It should go without saying but….
EPO Enlarged Board of Appeal significantly changes formal requirements for making a valid priority claim.
This series of articles considers referrals pending before the Enlarged Board of Appeal of the European Patent Office (EPO). Whilst the outcome of these referrals may be some months or years away, the opinions issued by the Enlarged Board of Appeal may fundamentally change the way the law is interpreted. In this article, we look at referral G2/19.
The Enlarged Board of Appeal of the European Patent Office (EPO) has made a decision on the referral G2/19, relating to the admissibility of appeals filed by third parties, and on whether oral proceedings held in Haar (as opposed to Munich) are in conformance with the European Patent Convention (EPC) following the relocation of the Boards of Appeal in 2017.
The referral was made by the then President of the EPO, and comprised three questions:
1. In appeal proceedings, is the right to oral proceedings under Article 116 EPC limited if the appeal is manifestly inadmissible?
2. If the answer to the first question is yes, is an appeal against the grant of a patent filed by a third party within the meaning of Article 115 EPC, relying on the argument that there is no alternative legal remedy under the EPC against the examining division’s decision to disregard its observations concerning an alleged infringement of Article 84 EPC, such a case of an appeal which is manifestly inadmissible.
3. If the answer to either of the first two questions is no, can a board hold oral proceedings in Haar without infringing Article 116 EPC if the appellant objects to this site as not being in conformity with the EPC and requests that the oral proceedings be held in Munich instead?
The Enlarged Board decided the first question was inadmissible, and thus declined to provide an answer. It may be the subject of a revised future referral if the question remains important and unanswered. The logic behind this refusal to answer is likely that as an inadmissible appeal is rejected immediately, there can be no oral proceedings, as oral proceedings can only take place in appeal proceedings that are admissible.
Despite the fact the first question was not answered, the Enlarged Board proceeded to answer the second and third questions as follows:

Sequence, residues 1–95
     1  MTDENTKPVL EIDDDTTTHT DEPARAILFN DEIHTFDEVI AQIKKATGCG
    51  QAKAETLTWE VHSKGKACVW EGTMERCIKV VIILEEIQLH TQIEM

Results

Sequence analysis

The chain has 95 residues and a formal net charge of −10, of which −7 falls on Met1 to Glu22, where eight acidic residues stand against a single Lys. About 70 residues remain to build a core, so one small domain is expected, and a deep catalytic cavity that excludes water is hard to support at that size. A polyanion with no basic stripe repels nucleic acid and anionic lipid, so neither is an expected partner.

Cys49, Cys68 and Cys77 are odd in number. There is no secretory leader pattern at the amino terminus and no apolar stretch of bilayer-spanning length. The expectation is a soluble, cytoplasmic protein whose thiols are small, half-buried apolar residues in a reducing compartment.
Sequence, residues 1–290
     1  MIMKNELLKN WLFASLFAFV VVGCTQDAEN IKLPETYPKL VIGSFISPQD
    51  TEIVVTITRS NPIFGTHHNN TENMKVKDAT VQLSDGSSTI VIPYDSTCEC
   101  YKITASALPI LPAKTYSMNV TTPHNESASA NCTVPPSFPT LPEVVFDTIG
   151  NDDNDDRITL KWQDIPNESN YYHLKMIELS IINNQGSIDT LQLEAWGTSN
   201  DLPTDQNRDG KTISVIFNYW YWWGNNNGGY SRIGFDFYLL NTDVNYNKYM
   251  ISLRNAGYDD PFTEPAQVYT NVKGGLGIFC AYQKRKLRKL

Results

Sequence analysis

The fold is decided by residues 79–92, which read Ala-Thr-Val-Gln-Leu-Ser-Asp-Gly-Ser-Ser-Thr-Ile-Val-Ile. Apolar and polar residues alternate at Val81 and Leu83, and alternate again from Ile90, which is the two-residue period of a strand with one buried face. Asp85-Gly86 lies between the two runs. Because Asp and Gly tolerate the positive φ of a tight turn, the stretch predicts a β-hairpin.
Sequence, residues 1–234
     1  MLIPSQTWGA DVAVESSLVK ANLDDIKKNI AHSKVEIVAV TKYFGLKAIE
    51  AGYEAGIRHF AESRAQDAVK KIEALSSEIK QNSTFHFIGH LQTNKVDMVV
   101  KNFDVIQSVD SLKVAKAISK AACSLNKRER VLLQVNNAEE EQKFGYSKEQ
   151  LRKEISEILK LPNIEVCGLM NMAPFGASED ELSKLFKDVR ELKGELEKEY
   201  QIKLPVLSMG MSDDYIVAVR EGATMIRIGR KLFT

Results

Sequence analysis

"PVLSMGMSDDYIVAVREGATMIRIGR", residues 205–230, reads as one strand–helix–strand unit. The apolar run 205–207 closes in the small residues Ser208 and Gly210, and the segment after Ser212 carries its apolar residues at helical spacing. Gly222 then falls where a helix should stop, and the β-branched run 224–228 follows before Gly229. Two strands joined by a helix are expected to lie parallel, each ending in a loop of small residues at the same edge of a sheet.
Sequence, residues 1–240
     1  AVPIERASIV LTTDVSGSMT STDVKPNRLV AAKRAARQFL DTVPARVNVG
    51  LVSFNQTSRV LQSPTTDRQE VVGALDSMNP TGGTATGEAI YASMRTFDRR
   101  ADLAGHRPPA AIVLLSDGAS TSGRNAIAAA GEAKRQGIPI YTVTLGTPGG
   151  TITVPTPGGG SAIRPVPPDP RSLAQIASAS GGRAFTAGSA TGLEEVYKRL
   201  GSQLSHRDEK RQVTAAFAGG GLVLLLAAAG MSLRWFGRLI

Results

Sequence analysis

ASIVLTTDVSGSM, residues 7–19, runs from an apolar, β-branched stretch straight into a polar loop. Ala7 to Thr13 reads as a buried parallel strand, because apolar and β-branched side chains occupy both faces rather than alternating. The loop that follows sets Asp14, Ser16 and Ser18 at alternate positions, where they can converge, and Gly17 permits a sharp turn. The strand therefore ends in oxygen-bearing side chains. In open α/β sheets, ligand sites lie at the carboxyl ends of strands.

2. A third party within the meaning of Article 115 EPC who has filed an appeal against a decision to grant a European patent has no right to have its request for an order that examination proceedings in respect of the European patent are re-opened for the purpose of removing allegedly unclear claims (Article 84 EPC) heard at oral proceedings before a board of appeal of the European Patent Office. An appeal filed in such a way has no suspensive effect.
Effectively, this decision clarified the position of the EPO that there is no right for a third party who has filed observations under Article 115 EPC to appeal a decision to grant a patent on the grounds that the claims of the granted patent are unclear under Article 84 EPC. This decision was expected by many, as in general there is no right for a third party to appeal a decision before the EPO.
3. Oral proceedings before the boards of appeal at their site in Haar do not infringe Articles 113(1) and 116(1) EPC.
This decision confirmed that decisions made in Haar are in accordance with the EPC itself. This was expected, as a decision to the contrary would have thrown nearly two years’ worth of appeal decisions into question. This decision likely applies analogously (although this is not confirmed) to decisions made in Rijswijk, Netherlands, rather than in The Hague.
These decisions are largely in line with the amicus curiae briefs filed at with the EPO before the decision, and thus formalises the previous status quo when considering the admissibility of appeals on grounds of clarity and the location of oral proceedings.
The full decision can be read here.
If you have any questions regarding this decision, please get in touch to speak to one of our attorneys.